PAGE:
One of Boppart’s projects was taking OCT, the gold standard of imaging technology used by ophthalmologists, and figuring out a way to make it more accessible to primary care doctors. Shelton and his team understood that the otoscopes physicians were using to diagnose kids like Jack—really, a penlight and a magnifying glass—could only see the surface of the ear drum. That left physicians mostly making an educated guess about whether a patient really had an ear infection.
Perhaps, they reasoned, a device using OCT would produce better results.
So, in 2015, the team worked with the University of Illinois technology transfer office, which applied for a patent that was then licensed to PhotoniCare. Shelton is CEO, colleague Ryan Nolan is vice president of clinical operations and Boppart is chief medical officer.
Pivot to a Handheld Device
Their work had already received a significant boost when, in 2013 and 2014, Boppart and Shelton got grants from the NSF’s Innovation Corps program, which aims to help scientists and engineers working in academia to develop technology solving real-world challenges. For 10 weeks each time, they interviewed 50 to 100 physicians, parents and others, focusing on using imaging technology to diagnose middle-ear infections. “The technology won’t be adopted unless we’re solving a real problem,” says Boppart.
Those insights, plus more research, led to some substantial changes. Whereas their focus originally had been on high-performance, costly equipment used by specialists, the team pivoted to designing a product more attuned to the needs of primary care physicians and other front-line medical practitioners with considerably smaller budgets for capital equipment. While devices with OCT typically cost $50,000 to $100,000, according to Shelton, their new offering would be much smaller and potentially be sold for free, with physicians paying a fee per each use—either by tracking usage if connected to a network or through software in the device. By 2016, the team decided they’d found a viable way to make their pivot happen.
Of course, launching a new medical device requires a lot more than research and product development. For example, there’s the matter of getting clearance from the FDA. For help navigating that process, PhotoniCare worked closely with regulatory consultants at Washington, DC-based Children’s National Hospital; In 2015, the founders won a competition run by the National Capital Consortium for Pediatric Device Innovation Competition, a joint effort of the Sheik Zayed Institute for Pediatric Surgical Innovation at the Children’s National Health System and the University of Maryland A. James Clark School of Engineering. The competition is aimed at encouraging more technological invention in pediatric devices. FDA clearance came through earlier this year.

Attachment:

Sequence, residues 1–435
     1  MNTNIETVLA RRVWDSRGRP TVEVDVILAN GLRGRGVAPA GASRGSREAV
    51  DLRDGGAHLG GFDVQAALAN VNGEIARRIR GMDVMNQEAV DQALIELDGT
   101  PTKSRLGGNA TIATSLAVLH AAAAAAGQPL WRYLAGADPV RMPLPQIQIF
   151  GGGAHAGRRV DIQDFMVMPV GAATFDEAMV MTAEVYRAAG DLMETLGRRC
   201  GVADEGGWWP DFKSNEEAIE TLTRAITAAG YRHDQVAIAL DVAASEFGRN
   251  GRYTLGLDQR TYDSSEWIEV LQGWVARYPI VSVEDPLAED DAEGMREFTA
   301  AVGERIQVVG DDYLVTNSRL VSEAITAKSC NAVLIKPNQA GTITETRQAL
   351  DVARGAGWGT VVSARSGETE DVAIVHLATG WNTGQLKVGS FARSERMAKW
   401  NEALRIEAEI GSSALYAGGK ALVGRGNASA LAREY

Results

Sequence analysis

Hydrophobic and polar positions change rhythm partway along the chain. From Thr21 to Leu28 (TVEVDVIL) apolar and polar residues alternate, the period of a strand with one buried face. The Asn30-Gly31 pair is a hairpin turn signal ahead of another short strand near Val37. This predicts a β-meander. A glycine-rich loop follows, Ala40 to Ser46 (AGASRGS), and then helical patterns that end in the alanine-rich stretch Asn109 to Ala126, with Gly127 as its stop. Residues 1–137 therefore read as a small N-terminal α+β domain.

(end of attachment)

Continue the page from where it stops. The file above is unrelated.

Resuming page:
Treacherous Areas For Medical Device Companies
Another treacherous area for medical startups is winning approval from insurers for reimbursement. To that end, the team spent three years working with the American Medical Association and several medical academies to establish new codes for PhotoniCare’s technology. “Reimbursement for pediatric devices is tricky, requiring an understanding of what private payers need to see in order to be willing to reimburse use,” says Kolaleh Eskandanian, vice president and chief innovation officer at Children’s National Hospital. In fact, even clearance from the FDA does not automatically mean a device will receive coverage from insurance companies under existing reimbursement codes.
There was another benefit: The traditional otoscope has no reimbursement codes, according to Shelton, giving the company a big advantage, since the TOMi Scope can generate additional revenue through the new codes.
In fact, medical device experts point to the combination of technological innovation and the methodical navigation of the complicated healthcare regulatory maze as the company’s secret sauce. “More than developing a novel solution, what PhotoniCare also has done right is the execution,” says Eskandanian. Plus, according to Mayank Taneja, director of Venture Investments at OSF Ventures, a division of OSF Healthcare, a 14-hospital, Peoria, Ill-based healthcare system, that participated in the Series A round,, the company should benefit from the healthcare industry’s current emphasis on “value-based” care, which rewards doctors for both efficiency and effectiveness, vs. traditional fee for service models.
The company also doesn’t face a lot of competition. Eskandanian points to less than a handful of other startups aimed at using different technologies for diagnosing and treating ear infections. But they haven’t all received FDA clearance.
“It was an area ripe for innovation,” says Taneja. Three or so OSF urgent care clinics will take part in PhotoniCare’s early adopter trial.
Shelton was on the verge of going to market with the device just before Covid-19 hit. But he put those plans on hold when it became clear the time was wrong for introducing new technology to hard-hit front-line medical practitioners. They spent March through July, instead, refining the product. “If we’d ended up going to market before, it would have been hard,” says Shelton.
Now Shelton is looking forward to getting his device on the market and helping more children like his son. At age nine, Jack is doing fine, although he’s developed some learning disabilities as a result of his hearing loss. “If our device had been available, I believe it would have had a drastic impact on his treatment,” he says.